If you’re eligible, the government can cover 75% of your charging point costs, up to £350.

Sound familiar? Well, there’s a twist that differs the WCS from the EVHS: the scheme will cover a maximum of 40 chargers across all the organisation’s sites.

To qualify for this initiative, your organisation must be:

  • Located in Britain (i.e. England, Wales, Scotland, or Northern Ireland)
  • A registered charity, business, or in the public sector
  • A public authority, or a group that’s received less than €200,000 (£180,800) of public support in the past three fiscal years
  • Able to explain either your need for charging point/s, or your plan to encourage or order your staff to start driving electric vehicles
  • Able to access dedicated off-street parking
  • The owner of the property, or able to get permission from the owner/s for the installation of charging point/s

a person charges their car on the street

How much could the EV chargepoint grant save me?

The EV chargepoint grant could save you 75% of the cost of buying and installing a home charger, up to £350.

And if the scheme convinces you to buy an electric vehicle, it could save you even more.

You can now cut your fuel costs by £715 per year if you go from petrol to electric, according to our calculations.

Hopefully, grants like this will persuade more people to adopt electric vehicles because as our National Home Energy Survey showed, support could definitely be higher. Just 55% of Brits would want an electric vehicle even if it were free.

How can I qualify for OZEV’s EV chargepoint grant?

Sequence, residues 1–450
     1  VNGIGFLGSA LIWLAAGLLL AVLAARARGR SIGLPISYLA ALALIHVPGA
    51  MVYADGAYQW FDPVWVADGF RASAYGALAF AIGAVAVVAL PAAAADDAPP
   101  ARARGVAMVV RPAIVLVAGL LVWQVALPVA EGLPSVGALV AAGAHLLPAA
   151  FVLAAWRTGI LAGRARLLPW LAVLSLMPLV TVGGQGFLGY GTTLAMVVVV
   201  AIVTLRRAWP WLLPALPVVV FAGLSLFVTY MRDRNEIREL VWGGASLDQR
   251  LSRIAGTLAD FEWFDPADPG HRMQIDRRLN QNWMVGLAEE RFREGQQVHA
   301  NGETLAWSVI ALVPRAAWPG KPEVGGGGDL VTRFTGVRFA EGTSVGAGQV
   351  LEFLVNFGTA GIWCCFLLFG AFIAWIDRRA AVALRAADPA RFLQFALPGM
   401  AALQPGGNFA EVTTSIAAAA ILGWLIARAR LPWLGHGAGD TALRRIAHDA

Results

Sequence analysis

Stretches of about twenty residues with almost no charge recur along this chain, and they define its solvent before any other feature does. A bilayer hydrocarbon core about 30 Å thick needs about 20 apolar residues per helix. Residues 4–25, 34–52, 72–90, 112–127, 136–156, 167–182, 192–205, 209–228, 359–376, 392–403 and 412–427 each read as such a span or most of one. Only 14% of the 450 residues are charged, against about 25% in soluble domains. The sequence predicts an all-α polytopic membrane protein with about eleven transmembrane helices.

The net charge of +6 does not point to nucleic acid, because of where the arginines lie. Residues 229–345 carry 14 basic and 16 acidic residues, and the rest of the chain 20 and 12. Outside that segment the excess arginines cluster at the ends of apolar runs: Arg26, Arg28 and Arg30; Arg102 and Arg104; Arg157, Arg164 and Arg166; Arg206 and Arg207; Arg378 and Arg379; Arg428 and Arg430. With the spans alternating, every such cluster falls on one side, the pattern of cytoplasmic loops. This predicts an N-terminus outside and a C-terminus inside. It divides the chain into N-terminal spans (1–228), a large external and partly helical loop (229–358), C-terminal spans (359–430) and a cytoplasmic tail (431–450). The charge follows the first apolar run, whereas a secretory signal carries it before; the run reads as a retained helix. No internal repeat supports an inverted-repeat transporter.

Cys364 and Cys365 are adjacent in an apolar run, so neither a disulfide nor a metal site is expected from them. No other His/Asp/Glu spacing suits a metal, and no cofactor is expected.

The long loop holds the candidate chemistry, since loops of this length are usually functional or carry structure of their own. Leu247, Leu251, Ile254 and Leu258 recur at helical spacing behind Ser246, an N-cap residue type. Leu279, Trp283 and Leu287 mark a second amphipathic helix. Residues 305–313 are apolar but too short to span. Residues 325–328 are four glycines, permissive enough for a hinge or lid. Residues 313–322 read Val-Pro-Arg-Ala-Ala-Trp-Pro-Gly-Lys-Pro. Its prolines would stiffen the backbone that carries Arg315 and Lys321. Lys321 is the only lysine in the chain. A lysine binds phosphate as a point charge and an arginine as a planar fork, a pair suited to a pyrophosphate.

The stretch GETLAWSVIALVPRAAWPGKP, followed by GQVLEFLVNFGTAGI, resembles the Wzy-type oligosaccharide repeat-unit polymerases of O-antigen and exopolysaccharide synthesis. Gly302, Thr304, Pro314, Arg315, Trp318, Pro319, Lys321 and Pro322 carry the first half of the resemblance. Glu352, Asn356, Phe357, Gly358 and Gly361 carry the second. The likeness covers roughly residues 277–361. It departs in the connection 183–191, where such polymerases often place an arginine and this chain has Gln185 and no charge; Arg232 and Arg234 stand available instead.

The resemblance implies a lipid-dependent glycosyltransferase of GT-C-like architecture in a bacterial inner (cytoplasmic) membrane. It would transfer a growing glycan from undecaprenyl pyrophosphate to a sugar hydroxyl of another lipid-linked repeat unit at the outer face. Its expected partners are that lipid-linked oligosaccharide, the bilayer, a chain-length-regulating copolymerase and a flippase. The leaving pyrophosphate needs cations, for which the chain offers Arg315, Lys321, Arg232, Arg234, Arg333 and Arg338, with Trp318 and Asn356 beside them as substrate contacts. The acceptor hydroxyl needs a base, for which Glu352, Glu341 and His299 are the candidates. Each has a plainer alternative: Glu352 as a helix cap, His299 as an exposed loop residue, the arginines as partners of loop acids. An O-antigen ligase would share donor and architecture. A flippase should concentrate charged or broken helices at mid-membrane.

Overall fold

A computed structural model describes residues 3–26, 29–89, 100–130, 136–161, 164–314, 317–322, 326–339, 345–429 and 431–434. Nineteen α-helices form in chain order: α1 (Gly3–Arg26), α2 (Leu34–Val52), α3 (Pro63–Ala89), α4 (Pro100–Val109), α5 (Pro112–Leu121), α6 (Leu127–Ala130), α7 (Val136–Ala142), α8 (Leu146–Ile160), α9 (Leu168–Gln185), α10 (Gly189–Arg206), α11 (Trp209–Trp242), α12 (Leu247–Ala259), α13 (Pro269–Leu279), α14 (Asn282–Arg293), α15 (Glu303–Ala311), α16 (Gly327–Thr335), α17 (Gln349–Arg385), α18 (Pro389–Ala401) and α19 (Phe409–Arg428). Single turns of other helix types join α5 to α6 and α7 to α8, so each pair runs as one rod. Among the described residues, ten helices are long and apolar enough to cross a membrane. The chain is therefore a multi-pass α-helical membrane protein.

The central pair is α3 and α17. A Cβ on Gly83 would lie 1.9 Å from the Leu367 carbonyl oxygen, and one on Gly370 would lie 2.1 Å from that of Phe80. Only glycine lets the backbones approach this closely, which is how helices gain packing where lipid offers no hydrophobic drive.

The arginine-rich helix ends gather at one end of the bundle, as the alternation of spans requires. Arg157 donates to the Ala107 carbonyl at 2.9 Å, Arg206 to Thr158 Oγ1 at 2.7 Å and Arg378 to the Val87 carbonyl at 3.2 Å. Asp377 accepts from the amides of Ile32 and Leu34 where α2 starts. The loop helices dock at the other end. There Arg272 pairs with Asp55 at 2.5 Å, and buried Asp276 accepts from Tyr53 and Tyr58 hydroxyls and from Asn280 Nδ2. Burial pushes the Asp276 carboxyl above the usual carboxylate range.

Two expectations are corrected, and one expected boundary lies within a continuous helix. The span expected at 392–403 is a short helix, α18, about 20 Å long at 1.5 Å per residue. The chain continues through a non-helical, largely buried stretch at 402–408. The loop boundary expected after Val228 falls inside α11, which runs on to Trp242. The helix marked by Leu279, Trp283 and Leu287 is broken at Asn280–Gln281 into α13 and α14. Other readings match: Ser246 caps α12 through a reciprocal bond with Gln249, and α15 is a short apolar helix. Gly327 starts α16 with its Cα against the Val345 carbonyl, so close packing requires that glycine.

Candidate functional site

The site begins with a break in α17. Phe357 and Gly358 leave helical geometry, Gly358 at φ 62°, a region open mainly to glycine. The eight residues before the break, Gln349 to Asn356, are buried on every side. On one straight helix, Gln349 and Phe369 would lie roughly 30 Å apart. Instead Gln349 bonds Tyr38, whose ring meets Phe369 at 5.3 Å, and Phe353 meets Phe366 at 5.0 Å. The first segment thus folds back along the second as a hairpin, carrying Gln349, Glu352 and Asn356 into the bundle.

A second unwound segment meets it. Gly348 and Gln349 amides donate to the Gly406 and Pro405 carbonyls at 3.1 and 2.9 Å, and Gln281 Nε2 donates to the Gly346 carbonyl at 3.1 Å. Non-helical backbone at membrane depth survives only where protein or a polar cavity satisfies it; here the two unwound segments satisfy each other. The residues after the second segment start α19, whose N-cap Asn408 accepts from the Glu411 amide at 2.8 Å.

You can qualify for an EV chargepoint grant by matching one of the following criteria:

  • You own an eligible new or second-hand electric vehicle, and haven’t applied for any past chargepoint schemes
  • You’ve ordered an eligible vehicle, and can prove it
  • You’ve leased an eligible vehicle for at least six months
  • You’ve been assigned an eligible company vehicle for a minimum of six months
  • Your employer had named you as the primary user of an eligible vehicle for at least six months

How do I claim it at home?

If you own or rent a flat, just contact one of the companies on this list of approved installers.

Your installer will claim the EVHS grant on your behalf, and pass the savings on to you.

Then you won’t have to worry as much about running out of charge because of your electric vehicle’s range, because you’ll have a charger at home.

How do I claim it for my business?

You can’t claim the EV chargepoint grant for your business, but you can apply for a WCS grant.

The application form is available online – but before you fill it in, check the dedicated WCS section above to make sure you qualify.

Which vehicles are compatible with the Electric Vehicle Homecharge Scheme?

254 vehicles currently qualify for the EVHS – you can see if yours is compatible by checking this eligible vehicles list.

And if you’re looking to buy an eligible vehicle, there’s a wide selection.

You can choose from more than a dozen established car brands on the list, from Citroen to Chevrolet, Porsche to Peugeot, and Volvo to Volkswagen.

If you can think of a manufacturer, it probably sells an eligible vehicle.

You can also buy from companies that specialise in making electric vehicles, like BD and BYD.

Has the EV chargepoint grant been a success?

The EV chargepoint grant – and its previous guise, the EVHS – have been used to discount the installation of 236,697 chargers, according to the latest government data.